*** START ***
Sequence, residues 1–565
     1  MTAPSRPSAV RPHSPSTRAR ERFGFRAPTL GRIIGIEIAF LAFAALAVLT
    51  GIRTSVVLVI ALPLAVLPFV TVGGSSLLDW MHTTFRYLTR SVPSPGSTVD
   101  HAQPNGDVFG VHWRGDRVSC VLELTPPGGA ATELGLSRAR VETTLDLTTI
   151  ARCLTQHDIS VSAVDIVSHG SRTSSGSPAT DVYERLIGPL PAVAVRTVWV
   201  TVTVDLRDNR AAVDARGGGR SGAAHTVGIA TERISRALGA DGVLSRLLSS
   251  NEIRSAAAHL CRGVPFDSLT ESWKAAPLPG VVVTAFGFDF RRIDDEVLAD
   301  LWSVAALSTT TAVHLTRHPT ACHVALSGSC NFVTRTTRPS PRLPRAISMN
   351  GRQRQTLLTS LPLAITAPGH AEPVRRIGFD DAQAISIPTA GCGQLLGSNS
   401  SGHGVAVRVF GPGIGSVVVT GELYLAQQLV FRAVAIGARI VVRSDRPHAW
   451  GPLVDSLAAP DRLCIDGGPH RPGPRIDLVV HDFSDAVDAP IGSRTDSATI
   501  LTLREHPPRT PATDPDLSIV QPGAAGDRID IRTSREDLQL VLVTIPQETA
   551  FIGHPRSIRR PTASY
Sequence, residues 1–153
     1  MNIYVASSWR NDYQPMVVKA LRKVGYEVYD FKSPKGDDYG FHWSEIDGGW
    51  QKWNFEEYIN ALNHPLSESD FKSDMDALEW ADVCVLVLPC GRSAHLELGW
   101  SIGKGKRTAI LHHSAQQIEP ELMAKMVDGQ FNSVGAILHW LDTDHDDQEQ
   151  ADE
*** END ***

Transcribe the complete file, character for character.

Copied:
Sequence, residues 1–565
     1  MTAPSRPSAV RPHSPSTRAR ERFGFRAPTL GRIIGIEIAF LAFAALAVLT
    51  GIRTSVVLVI ALPLAVLPFV TVGGSSLLDW MHTTFRYLTR SVPSPGSTVD
   101  HAQPNGDVFG VHWRGDRVSC VLELTPPGGA ATELGLSRAR VETTLDLTTI
   151  ARCLTQHDIS VSAVDIVSHG SRTSSGSPAT DVYERLIGPL PAVAVRTVWV
   201  TVTVDLRDNR AAVDARGGGR SGAAHTVGIA TERISRALGA DGVLSRLLSS
   251  NEIRSAAAHL CRGVPFDSLT ESWKAAPLPG VVVTAFGFDF RRIDDEVLAD
   301  LWSVAALSTT TAVHLTRHPT ACHVALSGSC NFVTRTTRPS PRLPRAISMN
   351  GRQRQTLLTS LPLAITAPGH AEPVRRIGFD DAQAISIPTA GCGQLLGSNS
   401  SGHGVAVRVF GPGIGSVVVT GELYLAQQLV FRAVAIGARI VVRSDRPHAW
   451  GPLVDSLAAP DRLCIDGGPH RPGPRIDLVV HDFSDAVDAP IGSRTDSATI
   501  LTLREHPPRT PATDPDLSIV QPGAAGDRID IRTSREDLQL VLVTIPQETA
   551  FIGHPRSIRR PTASY
Sequence, residues 1–153
     1  MNIYVASSWR NDYQPMVVKA LRKVGYEVYD FKSPKGDDYG FHWSEIDGGW
    51  QKWNFEEYIN ALNHPLSESD FKSDMDALEW ADVCVLVLPC GRSAHLELGW
   101  SIGKGKRTAI LHHSAQQIEP ELMAKMVDGQ FNSVGAILHW LDTDHDDQEQ
   151  ADE